Its No longer just hot air: Liz Allcock the Malawi country projects convenor for IDS Knowledge Services and Jimmy Kainja, an independent Malawian researcher based in London, say cutting UK aid to Malawi will hurt the poor, not the leaders, but what do you do with tinpot dictators like Bingu waMutharika
Previous article: Hot Air Gets Hotter and Explodes
What we last week thought was a lot of hot air caused by a flatulent budding dictator has turned out to be explosive gas as Malawi's Bingu WaMutharika has expelled the UK High Commissioner and the UK has retaliated similarly over a seemingly innocuous leaked cable. Reuters reports:
LILONGWE (Reuters) - Britain ordered Malawi's acting ambassador to leave the country on Wednesday soon after the African state expelled Britain's envoy over his criticism of its leader.
Malawi, a former British colony, expelled British envoy Fergus Cochrane-Dyet after he called its leadership autocratic in a leaked diplomatic cable, a Malawian government spokesman said on Wednesday.
Hours later, Britain responded by expelling Malawi's acting ambassador to Britain, Flossie Gomile Chidyaonga.
Foreign Secretary William Hague in a statement hinted at further consequences saying he had asked UK officials "to review rapidly the full range of our wider relationship with Malawi."
Britain is a major aid to donor to Malawi, giving about 93 million pounds a year, according to the British government.
Malawi's Weekend Nation newspaper published excerpts of what it said was a March 2011 British diplomatic cable which said President Bingu wa Mutharika was "becoming ever more autocratic and intolerant of criticism."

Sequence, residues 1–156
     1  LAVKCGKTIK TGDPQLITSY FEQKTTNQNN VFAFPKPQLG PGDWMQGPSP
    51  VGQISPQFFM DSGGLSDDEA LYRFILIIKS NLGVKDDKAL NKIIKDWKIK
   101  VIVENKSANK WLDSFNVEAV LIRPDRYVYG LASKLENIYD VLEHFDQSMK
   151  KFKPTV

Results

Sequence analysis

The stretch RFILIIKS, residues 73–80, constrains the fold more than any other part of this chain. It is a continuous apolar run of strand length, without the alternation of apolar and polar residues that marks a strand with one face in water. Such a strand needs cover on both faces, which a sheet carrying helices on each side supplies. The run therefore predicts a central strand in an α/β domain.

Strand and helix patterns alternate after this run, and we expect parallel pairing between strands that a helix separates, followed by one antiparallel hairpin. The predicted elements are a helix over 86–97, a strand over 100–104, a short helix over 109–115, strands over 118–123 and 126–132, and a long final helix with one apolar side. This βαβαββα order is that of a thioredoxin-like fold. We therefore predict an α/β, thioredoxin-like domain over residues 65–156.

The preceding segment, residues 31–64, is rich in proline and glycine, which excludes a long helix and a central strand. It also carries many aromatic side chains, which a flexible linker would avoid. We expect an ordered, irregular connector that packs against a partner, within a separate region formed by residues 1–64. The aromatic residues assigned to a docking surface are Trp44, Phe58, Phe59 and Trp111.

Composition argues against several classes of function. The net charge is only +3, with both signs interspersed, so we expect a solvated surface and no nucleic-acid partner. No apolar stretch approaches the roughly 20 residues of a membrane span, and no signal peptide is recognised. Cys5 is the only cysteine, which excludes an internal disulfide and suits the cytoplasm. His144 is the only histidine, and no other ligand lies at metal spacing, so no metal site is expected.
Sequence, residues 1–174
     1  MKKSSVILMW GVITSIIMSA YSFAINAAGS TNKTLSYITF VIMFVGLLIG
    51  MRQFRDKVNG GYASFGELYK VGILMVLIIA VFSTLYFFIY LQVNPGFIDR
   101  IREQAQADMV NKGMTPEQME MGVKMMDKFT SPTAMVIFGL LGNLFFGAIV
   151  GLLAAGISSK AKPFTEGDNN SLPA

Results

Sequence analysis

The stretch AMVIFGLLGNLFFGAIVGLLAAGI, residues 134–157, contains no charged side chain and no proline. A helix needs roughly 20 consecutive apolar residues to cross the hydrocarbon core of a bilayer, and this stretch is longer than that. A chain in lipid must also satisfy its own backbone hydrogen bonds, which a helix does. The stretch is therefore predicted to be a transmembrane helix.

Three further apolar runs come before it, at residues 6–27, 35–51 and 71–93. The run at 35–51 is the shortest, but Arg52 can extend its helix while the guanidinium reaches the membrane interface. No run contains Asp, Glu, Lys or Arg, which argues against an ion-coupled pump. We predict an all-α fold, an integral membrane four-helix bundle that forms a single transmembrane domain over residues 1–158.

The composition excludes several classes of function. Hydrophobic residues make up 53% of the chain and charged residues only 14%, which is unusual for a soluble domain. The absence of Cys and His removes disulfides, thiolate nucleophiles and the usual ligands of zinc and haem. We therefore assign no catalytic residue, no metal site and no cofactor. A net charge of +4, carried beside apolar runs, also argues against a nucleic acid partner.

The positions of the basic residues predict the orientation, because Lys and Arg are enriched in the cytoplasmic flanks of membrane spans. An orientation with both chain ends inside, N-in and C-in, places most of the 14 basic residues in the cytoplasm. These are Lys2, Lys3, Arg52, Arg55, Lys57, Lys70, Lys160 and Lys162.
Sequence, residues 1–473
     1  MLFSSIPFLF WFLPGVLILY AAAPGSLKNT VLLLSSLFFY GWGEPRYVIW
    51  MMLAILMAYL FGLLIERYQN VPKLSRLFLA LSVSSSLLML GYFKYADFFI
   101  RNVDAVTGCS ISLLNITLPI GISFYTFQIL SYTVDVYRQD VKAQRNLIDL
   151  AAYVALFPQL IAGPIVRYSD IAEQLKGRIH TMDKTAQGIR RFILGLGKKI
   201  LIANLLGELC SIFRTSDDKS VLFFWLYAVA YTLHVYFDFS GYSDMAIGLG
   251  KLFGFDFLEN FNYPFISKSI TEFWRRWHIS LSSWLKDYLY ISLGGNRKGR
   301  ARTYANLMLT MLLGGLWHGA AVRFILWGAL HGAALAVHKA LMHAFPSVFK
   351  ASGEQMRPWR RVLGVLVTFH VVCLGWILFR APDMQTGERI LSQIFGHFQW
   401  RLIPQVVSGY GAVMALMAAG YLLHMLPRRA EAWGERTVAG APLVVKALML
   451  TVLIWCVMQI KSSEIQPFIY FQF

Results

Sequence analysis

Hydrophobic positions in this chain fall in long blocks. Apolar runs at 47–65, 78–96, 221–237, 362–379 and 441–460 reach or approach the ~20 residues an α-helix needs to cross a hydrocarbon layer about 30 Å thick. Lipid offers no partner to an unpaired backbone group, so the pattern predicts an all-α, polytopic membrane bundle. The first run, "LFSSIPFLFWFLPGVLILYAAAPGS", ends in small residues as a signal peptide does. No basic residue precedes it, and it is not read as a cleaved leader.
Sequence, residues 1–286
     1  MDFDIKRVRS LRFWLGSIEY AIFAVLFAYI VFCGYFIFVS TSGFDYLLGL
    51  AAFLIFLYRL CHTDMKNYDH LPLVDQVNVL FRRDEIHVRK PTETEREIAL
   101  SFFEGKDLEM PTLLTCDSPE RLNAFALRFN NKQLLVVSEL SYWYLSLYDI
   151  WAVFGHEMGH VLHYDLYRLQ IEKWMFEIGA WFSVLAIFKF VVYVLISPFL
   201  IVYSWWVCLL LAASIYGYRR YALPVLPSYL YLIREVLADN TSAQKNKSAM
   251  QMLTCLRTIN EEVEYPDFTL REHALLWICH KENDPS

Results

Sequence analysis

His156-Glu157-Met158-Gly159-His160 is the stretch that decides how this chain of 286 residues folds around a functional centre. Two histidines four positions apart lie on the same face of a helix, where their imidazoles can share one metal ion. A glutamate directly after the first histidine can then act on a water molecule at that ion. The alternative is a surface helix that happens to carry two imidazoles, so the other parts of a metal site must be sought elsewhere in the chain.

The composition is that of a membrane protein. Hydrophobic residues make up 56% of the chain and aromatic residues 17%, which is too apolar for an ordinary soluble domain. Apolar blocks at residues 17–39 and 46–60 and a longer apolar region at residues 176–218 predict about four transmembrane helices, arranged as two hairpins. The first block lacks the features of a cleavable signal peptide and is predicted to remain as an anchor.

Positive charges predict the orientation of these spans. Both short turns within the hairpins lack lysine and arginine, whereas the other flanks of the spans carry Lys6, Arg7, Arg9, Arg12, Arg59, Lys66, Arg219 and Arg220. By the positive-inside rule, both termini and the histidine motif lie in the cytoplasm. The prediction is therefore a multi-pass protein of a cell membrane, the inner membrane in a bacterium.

Diplomatic sources at the British mission confirmed the authenticity of the cable.
Mutharika has been heavily criticised by rights groups for trying to suppress free speech.
Malawi already faces a freeze in foreign assistance over its hostility to homosexuals and a media crackdown.
Hague called Malawi's decision to expel Cochrane-Dyet "totally unacceptable and unwarranted." "Mr Cochrane-Dyet is an able and effective diplomat who has behaved with integrity throughout his posting to Lilongwe, and who retains the full confidence of the British government," he said.
"It is a worrying sign that the Malawian government is expending its energies in this way, rather than focussing on the real and substantial challenges facing it, including the need for improved governance," he said.
Cochrane-Dyet was given a formal letter of expulsion on Tuesday night, government spokesman Vuwa Kaunda told Reuters.
"Government has decided to expel High Commissioner Fergus Cochrane-Dyet because the tone in the leaked cable was not diplomatic ... Government has lost confidence in him," he said.
The European Union said in a statement released in Lilongwe that it was "deeply concerned" and surprised at the expulsion.
"The European Union believes that the decision of the Government of Malawi, which is apparently based on unconfirmed media reports and perceived criticisms of the government, is unjustified and inappropriate," it said.
Britain had warned on April 19 that "there were likely to be consequences affecting the full range of issues in the bilateral relationship" if Malawi expelled Cochrane-Dyet.
Malawi's government is heavily dependent on foreign aid, with donor funding normally accounting for more than 40 percent of official receipts..